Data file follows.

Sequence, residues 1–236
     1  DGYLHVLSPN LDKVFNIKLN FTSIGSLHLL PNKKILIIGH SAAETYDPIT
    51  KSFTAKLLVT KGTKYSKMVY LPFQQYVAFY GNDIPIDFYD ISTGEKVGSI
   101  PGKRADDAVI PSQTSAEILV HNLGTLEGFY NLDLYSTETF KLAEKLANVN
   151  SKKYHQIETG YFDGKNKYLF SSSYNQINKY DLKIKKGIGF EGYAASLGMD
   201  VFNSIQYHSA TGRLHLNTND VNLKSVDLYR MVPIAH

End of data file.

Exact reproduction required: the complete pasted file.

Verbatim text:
Sequence, residues 1–236
     1  DGYLHVLSPN LDKVFNIKLN FTSIGSLHLL PNKKILIIGH SAAETYDPIT
    51  KSFTAKLLVT KGTKYSKMVY LPFQQYVAFY GNDIPIDFYD ISTGEKVGSI
   101  PGKRADDAVI PSQTSAEILV HNLGTLEGFY NLDLYSTETF KLAEKLANVN
   151  SKKYHQIETG YFDGKNKYLF SSSYNQINKY DLKIKKGIGF EGYAASLGMD
   201  VFNSIQYHSA TGRLHLNTND VNLKSVDLYR MVPIAH